Pakistan managing relations in a complex world
Pakistan’s leadership has a strong multidimensional relationship with China spanning 56 years with strong political, economic and strategic dimensions. The Pakistani leadership maintains a close liaison with Chinese leaders and would normally take similar positions on major global issues. The China Pakistan Economic Corridor (CPEC), has been the lead program through which Beijing has invested over the years, nearly $28 billion in strengthening Pakistan’s energy and physical infrastructure. As recently mentioned by Planning Minister Ahsan Iqbal: “CPEC would turn ties between Pakistan-China into a long-term strategic economic partnership.” The program and strong relationship with Beijing have bipartisan support and the full backing of the military. The present Muslim league led coalition in particular values the relations even more. And the Chinese leadership feel they have more experience in managing projects and are comfortable working with them and expect that they would pursue the programs diligently.
Common security interests add further glue to the Pakistan-China relationship. The Sino-Indian war in 1962 over the disputed Himalayan border and the more recent Chinese and India skirmishes along the Sino-Indian border in 2020, are events that had a pronounced effect on their relations.
China remains among India’s leading trade partners. But at the strategic level, India and China are adversaries, with the former close to the US and a member of the Quadrilateral Security Dialogue (QSD), commonly known as QUAD-- an anti-Chinese group of major countries that includes Japan, Australia, New Zealand, India and the US.
By and large, China and Pakistan try to align their policies on most international issues. China supports Pakistan’s position on Kashmir and has reinforced its stand on global forums. The blatant human rights violations in the Indian-administered territory in Kashmir has failed to move the conscience of the world. Even the West, normally at the forefront in promoting human rights is silent. Expediency seems to trump principle. Pakistan, like most nations, does not recognize Taiwan as an independent state and has no dealings with it.
Interestingly, there is unanimity among Pakistan’s major decision makers – political, military and bureaucracy – that the country should simultaneously maintain a good functional relationship with the US.
China is also Pakistan’s main arms supplier. After the Indo-Pakistan war of 1965, when the US and West placed arms’ embargoes, it has been mainly relying on China for its defense needs and especially for major defense systems of the three services. Pakistan’s main battle tank, Al Khalid MBT 2000, was developed with close cooperation between the two countries. Similarly, for the Pakistan airforce, the JS-17 fighter aircraft, a joint venture between China and Pakistan was inducted by Pakistan’s airforce. Lately, the J-10C Fighter Jets of Chinese origin have been inducted and facilities for its overhaul and repair at the aeronautical complex are being established. Similarly, the Pakistan Navy has in its fleet frigates and submarines of Chinese origin. The attractive feature of collaboration with China is the assistance it has provided in development of indigenous capability and greater reliability in logistics and back-up support.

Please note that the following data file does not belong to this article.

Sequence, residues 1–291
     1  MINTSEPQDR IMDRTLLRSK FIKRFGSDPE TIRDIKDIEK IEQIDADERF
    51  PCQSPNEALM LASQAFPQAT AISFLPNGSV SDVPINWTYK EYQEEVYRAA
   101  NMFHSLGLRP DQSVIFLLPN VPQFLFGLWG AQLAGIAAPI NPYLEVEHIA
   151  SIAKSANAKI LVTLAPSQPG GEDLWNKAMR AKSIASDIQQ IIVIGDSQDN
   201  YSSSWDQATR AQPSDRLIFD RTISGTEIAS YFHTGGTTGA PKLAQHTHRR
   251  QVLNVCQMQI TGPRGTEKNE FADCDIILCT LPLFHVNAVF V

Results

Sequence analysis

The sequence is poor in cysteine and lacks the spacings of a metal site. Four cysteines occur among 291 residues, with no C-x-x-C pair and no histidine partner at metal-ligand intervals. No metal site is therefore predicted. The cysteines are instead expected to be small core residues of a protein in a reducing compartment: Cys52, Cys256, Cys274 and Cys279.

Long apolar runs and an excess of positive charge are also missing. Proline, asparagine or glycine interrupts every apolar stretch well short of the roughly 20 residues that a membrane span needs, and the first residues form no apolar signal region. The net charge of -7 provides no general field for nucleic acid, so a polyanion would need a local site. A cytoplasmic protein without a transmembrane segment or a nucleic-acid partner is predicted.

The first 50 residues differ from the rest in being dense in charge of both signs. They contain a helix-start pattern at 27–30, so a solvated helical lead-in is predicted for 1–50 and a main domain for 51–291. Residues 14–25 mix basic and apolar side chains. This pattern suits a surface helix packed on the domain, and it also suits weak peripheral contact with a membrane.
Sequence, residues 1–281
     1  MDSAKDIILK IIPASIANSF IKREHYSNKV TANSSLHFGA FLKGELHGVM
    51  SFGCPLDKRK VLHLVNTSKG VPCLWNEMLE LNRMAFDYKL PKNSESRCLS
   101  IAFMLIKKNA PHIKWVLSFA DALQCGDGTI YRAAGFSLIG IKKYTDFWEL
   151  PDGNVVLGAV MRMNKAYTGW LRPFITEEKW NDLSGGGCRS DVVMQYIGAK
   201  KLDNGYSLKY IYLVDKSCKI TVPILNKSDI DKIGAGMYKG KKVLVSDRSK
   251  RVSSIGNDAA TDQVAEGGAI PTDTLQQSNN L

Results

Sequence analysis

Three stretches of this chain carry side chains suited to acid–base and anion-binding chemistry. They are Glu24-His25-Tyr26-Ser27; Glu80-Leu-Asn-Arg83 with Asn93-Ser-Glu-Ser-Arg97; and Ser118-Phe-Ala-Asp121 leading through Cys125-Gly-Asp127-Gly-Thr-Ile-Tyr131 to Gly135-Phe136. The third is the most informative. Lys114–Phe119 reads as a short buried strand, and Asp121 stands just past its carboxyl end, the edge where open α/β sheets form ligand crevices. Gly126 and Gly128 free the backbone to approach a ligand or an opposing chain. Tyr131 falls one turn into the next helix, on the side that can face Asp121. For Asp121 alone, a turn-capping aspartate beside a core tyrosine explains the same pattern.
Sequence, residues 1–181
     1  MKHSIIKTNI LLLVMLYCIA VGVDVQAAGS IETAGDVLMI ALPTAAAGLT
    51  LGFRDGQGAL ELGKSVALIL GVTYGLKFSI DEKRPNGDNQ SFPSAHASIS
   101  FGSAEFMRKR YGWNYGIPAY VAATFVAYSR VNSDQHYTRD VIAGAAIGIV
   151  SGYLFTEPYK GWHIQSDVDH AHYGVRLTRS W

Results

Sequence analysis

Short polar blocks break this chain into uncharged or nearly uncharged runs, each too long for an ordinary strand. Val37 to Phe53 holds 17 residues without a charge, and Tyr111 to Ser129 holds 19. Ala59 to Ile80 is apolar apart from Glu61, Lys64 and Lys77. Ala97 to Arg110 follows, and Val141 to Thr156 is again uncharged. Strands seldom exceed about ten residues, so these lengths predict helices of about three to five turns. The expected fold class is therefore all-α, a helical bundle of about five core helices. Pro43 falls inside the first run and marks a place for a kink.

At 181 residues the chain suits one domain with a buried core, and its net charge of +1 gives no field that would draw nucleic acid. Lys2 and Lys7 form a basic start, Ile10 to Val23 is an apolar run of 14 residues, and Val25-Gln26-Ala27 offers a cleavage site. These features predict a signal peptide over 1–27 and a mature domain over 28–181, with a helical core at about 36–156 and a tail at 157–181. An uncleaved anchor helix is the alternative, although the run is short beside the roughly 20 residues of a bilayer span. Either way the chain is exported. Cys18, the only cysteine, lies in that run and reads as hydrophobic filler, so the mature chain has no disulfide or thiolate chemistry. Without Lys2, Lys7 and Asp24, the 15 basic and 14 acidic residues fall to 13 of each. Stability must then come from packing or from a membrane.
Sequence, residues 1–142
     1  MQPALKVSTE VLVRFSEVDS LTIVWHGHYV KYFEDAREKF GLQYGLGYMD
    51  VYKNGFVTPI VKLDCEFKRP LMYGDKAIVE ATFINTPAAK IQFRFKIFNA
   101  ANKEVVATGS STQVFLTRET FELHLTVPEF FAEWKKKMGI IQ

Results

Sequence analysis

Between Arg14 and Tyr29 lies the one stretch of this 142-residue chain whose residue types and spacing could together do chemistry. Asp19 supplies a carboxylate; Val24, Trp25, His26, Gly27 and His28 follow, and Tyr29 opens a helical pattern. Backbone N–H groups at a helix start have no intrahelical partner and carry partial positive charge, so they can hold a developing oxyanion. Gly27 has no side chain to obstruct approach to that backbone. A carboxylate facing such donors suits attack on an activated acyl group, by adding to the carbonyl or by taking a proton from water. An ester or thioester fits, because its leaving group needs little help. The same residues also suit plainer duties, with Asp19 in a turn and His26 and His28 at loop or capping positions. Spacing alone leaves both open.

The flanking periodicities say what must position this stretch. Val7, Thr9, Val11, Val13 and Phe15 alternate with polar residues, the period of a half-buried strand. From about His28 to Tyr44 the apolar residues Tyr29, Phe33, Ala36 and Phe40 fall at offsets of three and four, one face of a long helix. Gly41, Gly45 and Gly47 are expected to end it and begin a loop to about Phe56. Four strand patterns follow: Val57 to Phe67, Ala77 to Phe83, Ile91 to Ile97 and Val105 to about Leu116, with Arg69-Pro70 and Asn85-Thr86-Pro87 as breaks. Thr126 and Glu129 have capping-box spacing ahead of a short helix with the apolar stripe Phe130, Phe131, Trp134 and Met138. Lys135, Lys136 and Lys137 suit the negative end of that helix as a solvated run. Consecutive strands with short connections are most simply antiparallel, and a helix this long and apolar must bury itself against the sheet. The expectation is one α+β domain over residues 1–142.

The two countries also collaborate closely on nuclear energy and four of the plants built with Chinese assistance located in Chashma make a modest contribution by feeding the national energy grid.
Interestingly, there is unanimity among Pakistan’s major decision makers-- political, military and bureaucracy that the country should simultaneously maintain a good functional relationship with the US. It should initially focus on trade, commerce and security and later expand its cooperation into areas of mutual advantage. The US is considered the most attractive destination for the export of Pakistani textiles. Remittances from Pakistani diaspora in the US are a major source of foreign exchange. Pakistani students especially those pursuing science and technology, economics and other disciplines or engaged in research, aspire to be admitted in US major universities. They are attracted by the high educational standards and the freedom of expression enjoyed by students in general.
And they see no contradiction in it.
Washington’s interest in Pakistan is in the context of its strategic position, as a nuclear power, its proximity with China, the fallout with India and as a major Muslim country. Stability in Afghanistan and countering the rise of militant elements in border areas is equally within US interests. Moreover, the US does not want Pakistan to lean heavily on China and improve its relations with Russia.
But Pakistan’s suicidal domestic politics and the misplaced priorities of its leaders have denied the country of the benefits of optimizing the relationship with major powers to mutual advantage. In fact, most are apprehensive as to how the present internal situation in Pakistan will evolve. With democracy faltering and the rule of law in tatters, their fears are justified. Adding to the country’s woes have been recent floods of biblical proportions with a third of the country submerged in water and millions of its people displaced. One hopes sanity will eventually prevail.
- Talat Masood is a retired Lieutenant General from Pakistan Army and an eminent scholar on national security and political issues.
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